The Royals have acquired reliever Albert Abreu from the Rangers for minor league pitcher Yohanse Morel, according to announcements from both clubs. Kansas City will announce additional corresponding moves once Abreu reports to the team in the coming days.
Abreu, 26, spent around two months in Arlington. Texas acquired him from the Yankees in exchange for backstop jose trevino in the week leading up to Opening Day. The Rangers had acquired Mitch Garver to join a catching group that also included Jonah Heim and Sam Huffand they felt that freed them to deal from their group behind the plate in hopes of adding a potential long-term bullpen piece.
The acquisition didn’t pan out as the team had hoped, as Abreu mightily struggled over seven appearances. He only allowed three runs in 8 2/3 innings, but he walked 12 batters and surrendered a pair of homers in that limited time. There’s little chance of Abreu sustaining an acceptable ERA so long as he’s struggling with free passes to that extent, and Texas designated him for assignment on Monday.
Strike-throwing has been a problem for Abreu throughout his professional career, albeit not quite to the extent it was during his limited time as a Ranger. A well-regarded prospect during his time in the Astros and Yankees farm systems, he was nevertheless forced to the bullpen because of a lack of control. That has been borne out in his big league work, as the Dominican Republic native walked an elevated 12.2% of opponents over 36 2/3 frames with New York last season — his first with an extended workload at the big league level.
That Abreu has attracted interest from a handful of teams in spite of his control problems is a testament to his high-octane stuff, however. He’s averaged nearly 98 MPH on his fastball in each of his past two seasons, showcasing elite arm speed. He backs that up with an upper-80s slider and changeup that each drew strong reviews from prospect evaluators, and the breaking ball has been a quality swing-and-miss offering at the MLB level.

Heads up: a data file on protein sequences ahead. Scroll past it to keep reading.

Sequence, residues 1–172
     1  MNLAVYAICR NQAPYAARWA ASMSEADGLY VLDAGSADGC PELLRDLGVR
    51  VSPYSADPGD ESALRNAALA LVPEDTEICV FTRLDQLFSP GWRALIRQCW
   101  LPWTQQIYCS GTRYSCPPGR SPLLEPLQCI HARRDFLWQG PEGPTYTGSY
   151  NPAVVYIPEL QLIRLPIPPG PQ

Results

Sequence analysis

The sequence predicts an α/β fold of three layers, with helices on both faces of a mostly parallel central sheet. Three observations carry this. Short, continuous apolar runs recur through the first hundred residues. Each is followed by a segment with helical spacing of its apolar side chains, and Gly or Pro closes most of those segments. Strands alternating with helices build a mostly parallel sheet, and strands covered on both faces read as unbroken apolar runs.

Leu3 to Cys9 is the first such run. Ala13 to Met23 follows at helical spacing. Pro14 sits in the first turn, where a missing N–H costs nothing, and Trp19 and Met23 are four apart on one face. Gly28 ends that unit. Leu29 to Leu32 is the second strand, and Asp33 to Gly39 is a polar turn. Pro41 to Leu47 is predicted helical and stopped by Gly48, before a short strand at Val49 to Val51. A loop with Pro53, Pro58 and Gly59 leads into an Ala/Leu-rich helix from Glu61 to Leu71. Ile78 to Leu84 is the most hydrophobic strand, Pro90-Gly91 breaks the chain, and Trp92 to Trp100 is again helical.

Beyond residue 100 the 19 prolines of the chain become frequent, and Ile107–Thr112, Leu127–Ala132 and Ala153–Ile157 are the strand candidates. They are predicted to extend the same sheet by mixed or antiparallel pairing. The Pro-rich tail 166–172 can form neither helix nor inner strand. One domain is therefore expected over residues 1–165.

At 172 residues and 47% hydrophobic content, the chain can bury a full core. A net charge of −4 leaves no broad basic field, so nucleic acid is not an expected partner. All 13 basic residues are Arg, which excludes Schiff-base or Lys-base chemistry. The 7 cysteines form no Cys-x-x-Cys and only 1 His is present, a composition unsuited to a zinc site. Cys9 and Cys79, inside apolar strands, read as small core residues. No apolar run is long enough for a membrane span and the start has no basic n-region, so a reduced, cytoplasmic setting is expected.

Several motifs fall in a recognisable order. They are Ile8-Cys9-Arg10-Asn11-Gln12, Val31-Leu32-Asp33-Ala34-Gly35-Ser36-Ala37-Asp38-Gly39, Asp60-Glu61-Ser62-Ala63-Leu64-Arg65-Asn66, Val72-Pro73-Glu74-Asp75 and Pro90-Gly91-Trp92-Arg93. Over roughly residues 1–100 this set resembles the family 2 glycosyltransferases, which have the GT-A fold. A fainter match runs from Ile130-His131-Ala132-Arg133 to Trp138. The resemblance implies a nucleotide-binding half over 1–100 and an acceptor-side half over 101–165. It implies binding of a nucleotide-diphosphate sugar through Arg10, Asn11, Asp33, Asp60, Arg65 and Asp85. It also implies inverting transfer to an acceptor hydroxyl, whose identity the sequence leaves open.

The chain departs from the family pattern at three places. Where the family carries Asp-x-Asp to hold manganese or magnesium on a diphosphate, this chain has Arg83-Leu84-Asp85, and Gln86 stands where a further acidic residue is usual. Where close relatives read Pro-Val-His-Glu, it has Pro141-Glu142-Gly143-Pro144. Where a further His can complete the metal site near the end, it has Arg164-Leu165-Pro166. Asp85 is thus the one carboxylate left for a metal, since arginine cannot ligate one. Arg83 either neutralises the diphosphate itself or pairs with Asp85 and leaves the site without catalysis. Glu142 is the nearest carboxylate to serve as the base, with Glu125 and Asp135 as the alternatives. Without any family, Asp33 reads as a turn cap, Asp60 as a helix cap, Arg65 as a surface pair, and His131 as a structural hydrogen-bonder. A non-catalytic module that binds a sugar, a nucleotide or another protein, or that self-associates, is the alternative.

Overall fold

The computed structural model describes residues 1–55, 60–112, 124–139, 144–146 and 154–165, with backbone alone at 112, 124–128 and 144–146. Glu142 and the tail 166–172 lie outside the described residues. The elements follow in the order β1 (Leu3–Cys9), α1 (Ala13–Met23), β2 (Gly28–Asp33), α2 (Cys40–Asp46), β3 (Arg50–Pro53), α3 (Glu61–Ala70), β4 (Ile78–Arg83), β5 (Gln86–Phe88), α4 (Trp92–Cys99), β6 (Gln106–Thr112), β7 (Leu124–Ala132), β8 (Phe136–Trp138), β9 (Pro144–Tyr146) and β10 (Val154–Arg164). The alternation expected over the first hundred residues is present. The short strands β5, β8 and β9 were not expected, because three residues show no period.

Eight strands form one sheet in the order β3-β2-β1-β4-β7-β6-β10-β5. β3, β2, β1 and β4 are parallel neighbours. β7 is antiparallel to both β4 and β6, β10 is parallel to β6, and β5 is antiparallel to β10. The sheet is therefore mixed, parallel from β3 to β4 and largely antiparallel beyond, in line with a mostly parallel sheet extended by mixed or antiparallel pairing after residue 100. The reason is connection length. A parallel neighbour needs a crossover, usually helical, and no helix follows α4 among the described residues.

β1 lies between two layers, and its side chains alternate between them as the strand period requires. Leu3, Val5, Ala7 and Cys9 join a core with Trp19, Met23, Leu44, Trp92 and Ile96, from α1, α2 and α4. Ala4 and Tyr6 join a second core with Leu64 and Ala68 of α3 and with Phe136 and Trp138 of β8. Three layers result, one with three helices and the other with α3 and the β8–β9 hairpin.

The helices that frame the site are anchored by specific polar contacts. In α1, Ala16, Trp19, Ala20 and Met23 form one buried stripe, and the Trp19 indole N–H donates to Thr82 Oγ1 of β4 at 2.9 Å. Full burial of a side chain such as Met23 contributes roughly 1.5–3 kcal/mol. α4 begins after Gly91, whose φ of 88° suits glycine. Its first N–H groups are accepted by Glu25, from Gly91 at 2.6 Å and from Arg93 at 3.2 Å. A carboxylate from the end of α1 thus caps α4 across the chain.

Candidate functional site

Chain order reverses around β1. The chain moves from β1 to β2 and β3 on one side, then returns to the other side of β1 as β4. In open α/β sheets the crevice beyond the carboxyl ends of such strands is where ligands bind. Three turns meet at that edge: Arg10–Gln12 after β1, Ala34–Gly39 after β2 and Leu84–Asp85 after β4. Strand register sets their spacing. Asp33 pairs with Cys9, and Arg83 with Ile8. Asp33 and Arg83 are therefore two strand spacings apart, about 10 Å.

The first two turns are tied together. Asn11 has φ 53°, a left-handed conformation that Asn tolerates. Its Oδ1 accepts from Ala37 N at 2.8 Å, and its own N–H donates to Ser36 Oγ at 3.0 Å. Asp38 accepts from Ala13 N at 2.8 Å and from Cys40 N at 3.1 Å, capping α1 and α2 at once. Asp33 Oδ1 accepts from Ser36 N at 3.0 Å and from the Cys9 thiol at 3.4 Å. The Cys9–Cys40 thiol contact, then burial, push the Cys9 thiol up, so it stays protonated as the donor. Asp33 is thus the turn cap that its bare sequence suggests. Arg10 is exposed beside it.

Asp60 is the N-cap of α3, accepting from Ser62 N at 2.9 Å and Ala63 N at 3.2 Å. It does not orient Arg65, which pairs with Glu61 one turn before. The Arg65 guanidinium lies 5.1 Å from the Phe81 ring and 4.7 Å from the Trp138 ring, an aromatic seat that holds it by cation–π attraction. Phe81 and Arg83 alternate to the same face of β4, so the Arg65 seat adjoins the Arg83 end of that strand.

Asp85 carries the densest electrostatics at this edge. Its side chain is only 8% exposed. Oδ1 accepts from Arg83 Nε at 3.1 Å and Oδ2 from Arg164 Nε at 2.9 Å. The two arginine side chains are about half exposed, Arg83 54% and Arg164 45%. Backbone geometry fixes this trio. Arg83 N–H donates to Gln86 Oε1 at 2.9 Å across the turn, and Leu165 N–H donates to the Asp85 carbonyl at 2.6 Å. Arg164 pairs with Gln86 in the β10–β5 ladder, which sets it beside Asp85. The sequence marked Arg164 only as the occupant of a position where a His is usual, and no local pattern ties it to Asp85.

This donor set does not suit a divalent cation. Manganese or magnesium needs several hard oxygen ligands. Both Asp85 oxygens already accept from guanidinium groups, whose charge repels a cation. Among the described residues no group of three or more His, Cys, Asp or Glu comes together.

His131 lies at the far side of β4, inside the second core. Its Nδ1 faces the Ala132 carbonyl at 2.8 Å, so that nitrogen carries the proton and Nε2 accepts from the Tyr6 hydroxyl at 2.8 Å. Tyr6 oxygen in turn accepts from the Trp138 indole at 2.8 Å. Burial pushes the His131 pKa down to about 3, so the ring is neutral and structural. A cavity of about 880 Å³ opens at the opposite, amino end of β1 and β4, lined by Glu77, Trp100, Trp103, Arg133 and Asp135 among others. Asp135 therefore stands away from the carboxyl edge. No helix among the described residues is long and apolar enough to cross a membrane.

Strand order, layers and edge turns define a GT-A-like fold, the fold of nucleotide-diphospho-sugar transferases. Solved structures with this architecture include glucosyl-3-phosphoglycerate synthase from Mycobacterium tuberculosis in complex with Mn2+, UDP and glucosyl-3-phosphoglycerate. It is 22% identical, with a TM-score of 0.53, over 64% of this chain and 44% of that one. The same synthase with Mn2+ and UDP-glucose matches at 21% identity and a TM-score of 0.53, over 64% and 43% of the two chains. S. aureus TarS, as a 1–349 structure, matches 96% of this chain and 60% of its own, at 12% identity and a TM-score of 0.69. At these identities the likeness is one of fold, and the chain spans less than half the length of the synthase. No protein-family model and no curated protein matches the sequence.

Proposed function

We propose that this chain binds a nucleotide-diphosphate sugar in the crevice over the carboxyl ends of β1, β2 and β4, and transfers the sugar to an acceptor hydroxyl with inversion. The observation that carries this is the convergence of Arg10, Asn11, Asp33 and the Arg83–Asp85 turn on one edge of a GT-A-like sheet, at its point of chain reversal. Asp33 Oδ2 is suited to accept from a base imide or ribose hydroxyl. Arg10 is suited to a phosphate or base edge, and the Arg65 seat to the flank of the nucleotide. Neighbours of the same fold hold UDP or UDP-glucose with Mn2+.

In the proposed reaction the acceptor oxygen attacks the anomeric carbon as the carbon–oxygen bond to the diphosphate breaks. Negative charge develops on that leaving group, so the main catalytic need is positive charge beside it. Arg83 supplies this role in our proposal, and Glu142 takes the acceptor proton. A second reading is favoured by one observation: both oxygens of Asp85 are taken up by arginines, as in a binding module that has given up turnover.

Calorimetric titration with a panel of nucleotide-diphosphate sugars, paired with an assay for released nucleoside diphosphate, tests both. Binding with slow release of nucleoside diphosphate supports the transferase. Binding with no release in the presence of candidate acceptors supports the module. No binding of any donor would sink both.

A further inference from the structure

With that kind of arsenal, it’s not hard to dream on Abreu carving out a future in a big league bullpen. Even if his spotty control limits him to lower-leverage work, the Royals can hope to coax better results out of his intriguing pitch mix. If they can, Abreu could be a long-term option. He won’t eclipse his first full year of MLB service until this season, meaning he’d be controllable through the end of the 2027 campaign. He’s out of minor league option years, though, meaning Kansas City needs to keep him on the active roster or make him available to rival clubs themselves.
That the Royals parted with a young arm to acquire Abreu suggests they’re prepared to afford him that opportunity. Kansas City is near the top of the league in waiver priority, but they parted with Morel to ensure no other team acquired Abreu via a trade of their own. It’s the second trade of Morel’s career, as he was dealt from the Nationals alongside Kelvin Gutierrez and Blake Perkins in the 2018 swap that feels Kelvin Herrera to Washington.
Morel, 21, was a fairly well-regarded prospect very early in his professional career. He twice appeared among Baseball America’s ranking of the top 30 minor league talents in the Kansas City system, but he hasn’t garnered a mention in either of the past two years as he’s struggled at High-A. Morel moved to the bullpen last season but was tagged for a 6.66 ERA through 50 innings. The Royals decided not to add to him to the 40-man roster in advance of the Rule 5 draft (which never ended up sweating), and he’s repeated the level in 2022.
Through 17 2/3 innings this season, Morel has a more suitable 4.09 ERA. He’s punched out 25.9% of opponents with an elevated 12.3% walk rate. Eric Longenhagen and Tess Taruskin of Fangraphs wrote last week that his arsenal is headlined by a plus split-changeup. He’ll again be Rule 5 eligible this winter if he doesn’t earn a spot on the Texas 40-man roster.
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